Where to Dispose of Unwanted Prescription or Ove-the-Counter Medications


Proper and safe disposal of unused or unwanted prescription and over-the-counter medication is important for several reasons. First, it will reduce the amount currently found in our drinking water and other bodies of water. Second, it will reduce the potential for accidental overdoses or misuse by others.

First, it is commonly known that traces of many prescription drugs end up in our water supply. This happens for two reasons. Our bodies do not process all of the medication we ingest, thus it passes through our system and into septic or sewer systems and on to our wastewater treatment facilities. Secondly, many people dispose of prescription medication by flushing it down the toilet. Again, this passes on to treatment facilities. And, while these facilities do a great job making our water safe, traces of many drugs can be found in it. Depending on the state and the regulations, so wastewater from companies can be released into local bodies of water. Whatever is in this wastewater can be ingested by wildlife or humans who might use that water.

Another commonly known fact is that drugs can and are misused on a regular basis. The definition of misuse is when someone takes a drug not prescribed to them or takes a drug in manner that is not consistent with instructions. This can be done intentionally or by mistake. Both of these situations could lead to health complications or death.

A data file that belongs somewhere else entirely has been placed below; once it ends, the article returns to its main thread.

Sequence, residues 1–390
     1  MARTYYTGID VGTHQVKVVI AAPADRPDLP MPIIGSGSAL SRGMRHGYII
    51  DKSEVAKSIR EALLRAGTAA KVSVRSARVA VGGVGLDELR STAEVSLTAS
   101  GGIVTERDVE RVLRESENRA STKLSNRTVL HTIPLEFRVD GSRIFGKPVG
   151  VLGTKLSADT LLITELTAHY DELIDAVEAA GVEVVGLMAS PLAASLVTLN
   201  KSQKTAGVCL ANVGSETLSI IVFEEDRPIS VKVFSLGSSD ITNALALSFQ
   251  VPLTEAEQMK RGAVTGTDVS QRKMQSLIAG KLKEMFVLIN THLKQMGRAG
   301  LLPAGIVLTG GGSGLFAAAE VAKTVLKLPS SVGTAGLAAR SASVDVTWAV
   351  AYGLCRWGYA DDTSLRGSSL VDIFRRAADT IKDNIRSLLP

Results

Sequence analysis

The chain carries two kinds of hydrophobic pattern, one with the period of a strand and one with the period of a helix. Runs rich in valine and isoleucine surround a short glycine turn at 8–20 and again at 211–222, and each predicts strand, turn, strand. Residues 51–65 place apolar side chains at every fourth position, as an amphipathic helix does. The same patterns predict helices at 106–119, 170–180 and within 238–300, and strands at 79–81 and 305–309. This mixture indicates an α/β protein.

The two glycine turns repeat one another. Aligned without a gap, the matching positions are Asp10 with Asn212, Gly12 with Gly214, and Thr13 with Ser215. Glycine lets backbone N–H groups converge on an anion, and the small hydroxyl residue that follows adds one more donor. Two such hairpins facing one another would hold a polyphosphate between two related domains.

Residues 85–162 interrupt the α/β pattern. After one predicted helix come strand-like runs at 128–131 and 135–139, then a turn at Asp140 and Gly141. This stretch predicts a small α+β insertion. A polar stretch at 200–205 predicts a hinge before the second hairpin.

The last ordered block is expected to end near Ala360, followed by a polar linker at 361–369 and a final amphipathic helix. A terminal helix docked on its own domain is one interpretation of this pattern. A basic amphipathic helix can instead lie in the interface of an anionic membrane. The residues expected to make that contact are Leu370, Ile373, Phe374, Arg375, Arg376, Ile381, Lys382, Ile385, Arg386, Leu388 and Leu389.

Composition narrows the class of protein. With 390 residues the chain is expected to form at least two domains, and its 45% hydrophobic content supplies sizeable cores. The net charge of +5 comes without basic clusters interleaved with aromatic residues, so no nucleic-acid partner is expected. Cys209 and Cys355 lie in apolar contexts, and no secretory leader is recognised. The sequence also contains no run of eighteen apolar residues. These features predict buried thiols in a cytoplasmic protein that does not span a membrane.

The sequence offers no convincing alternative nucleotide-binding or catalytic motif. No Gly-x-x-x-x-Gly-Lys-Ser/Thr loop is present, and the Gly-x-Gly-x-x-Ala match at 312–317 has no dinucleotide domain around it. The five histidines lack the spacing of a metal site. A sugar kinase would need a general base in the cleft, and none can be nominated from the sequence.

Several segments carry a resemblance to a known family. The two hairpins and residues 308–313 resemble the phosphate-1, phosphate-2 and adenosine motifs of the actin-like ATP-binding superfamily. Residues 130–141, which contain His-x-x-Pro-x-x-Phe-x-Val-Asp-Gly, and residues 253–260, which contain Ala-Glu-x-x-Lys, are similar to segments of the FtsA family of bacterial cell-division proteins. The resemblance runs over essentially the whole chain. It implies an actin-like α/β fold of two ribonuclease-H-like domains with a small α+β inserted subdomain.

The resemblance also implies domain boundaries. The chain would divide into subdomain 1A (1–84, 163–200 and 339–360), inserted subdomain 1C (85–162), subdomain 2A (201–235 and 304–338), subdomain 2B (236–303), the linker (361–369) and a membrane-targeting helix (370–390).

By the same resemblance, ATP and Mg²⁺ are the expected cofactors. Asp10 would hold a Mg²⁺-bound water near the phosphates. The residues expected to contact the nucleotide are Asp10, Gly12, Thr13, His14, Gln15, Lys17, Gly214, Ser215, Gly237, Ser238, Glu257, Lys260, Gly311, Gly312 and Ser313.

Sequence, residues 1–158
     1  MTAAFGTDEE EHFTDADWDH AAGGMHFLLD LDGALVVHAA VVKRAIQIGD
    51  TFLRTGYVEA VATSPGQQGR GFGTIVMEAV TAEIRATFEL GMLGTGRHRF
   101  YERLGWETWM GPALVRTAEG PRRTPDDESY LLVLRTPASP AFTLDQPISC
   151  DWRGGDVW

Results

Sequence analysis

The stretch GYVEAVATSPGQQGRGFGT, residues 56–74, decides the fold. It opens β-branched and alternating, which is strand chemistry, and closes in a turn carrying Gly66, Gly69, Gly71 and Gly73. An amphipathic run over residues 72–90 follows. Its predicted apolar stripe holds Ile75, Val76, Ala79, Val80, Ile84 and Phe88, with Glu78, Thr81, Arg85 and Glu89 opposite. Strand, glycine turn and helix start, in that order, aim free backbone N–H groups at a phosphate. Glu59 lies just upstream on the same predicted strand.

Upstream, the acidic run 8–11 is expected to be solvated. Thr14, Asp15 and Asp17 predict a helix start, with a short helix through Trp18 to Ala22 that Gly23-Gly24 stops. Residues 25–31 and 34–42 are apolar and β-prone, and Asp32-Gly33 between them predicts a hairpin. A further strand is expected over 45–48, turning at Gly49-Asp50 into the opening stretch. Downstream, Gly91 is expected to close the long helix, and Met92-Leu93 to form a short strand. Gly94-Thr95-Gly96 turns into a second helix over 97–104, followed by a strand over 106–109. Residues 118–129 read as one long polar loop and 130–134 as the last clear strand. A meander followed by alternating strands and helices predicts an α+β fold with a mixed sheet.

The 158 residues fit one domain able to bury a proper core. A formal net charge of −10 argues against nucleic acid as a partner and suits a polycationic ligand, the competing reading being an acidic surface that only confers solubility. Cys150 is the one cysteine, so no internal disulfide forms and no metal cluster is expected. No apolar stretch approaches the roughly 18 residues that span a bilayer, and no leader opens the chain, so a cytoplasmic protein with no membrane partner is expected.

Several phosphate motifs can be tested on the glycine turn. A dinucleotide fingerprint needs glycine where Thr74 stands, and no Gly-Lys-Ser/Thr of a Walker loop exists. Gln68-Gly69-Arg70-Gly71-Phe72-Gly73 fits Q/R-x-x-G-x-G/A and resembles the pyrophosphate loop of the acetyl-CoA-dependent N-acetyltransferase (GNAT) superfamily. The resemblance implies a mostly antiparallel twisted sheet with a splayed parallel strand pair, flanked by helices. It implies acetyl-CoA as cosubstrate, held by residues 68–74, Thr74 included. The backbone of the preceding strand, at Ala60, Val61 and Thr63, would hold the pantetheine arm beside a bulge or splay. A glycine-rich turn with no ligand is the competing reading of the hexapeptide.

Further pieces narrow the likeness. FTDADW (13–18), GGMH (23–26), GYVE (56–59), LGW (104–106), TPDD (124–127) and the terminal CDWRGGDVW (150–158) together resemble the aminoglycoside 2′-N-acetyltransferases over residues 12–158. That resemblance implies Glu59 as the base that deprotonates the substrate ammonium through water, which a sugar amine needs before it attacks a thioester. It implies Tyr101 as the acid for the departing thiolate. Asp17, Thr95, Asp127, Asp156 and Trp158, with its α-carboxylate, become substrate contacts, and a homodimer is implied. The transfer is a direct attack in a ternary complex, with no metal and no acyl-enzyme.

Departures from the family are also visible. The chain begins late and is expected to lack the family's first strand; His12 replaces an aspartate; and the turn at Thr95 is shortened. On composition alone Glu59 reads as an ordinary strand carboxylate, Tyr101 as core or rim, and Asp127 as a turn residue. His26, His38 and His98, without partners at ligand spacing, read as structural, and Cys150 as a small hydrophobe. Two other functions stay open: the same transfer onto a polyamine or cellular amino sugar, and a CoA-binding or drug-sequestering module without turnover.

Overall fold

The FDA provides information for safely disposing of medications. Some drugs can be safely disposed of by flushing them down the toilet without harm to others. Consult the instructions that come with your prescription to see if that is advised. Some doctors and pharmacies will take back used prescriptions for safe disposal. Some veterinarians will take back drugs that are prescribed for your pets.

Another way to get rid of medications is through the the US Department of Justice’s Drug Enforcement Administration Office of Diversion Control’s take-back events each year. Prescription drugs can be dropped off at participating locations anonymously so that they can be properly disposed of. The April 2012 collected 552,161 pounds across the nation.

A fairly new development in the world of recycling is the prescription drug dropoff kiosks. The Paxton, Holden, and Millbury police departments each have a kiosk that is available 24 hours a day, 7 days a week. It is located inside the police stations for security reasons but old, unused, or unwanted prescription medications can be dropped off anonymously with no questions asked and at no cost. The following types of medication are accepted: prescriptions, patches, ointments (prescription only), pet medications, over-the-counter medications, or vitamins.

Holden Police Department, 1370 Main Street

Millbury Police Department, 127 Elm Street

Paxton Police Department, 576 Pleasant Street

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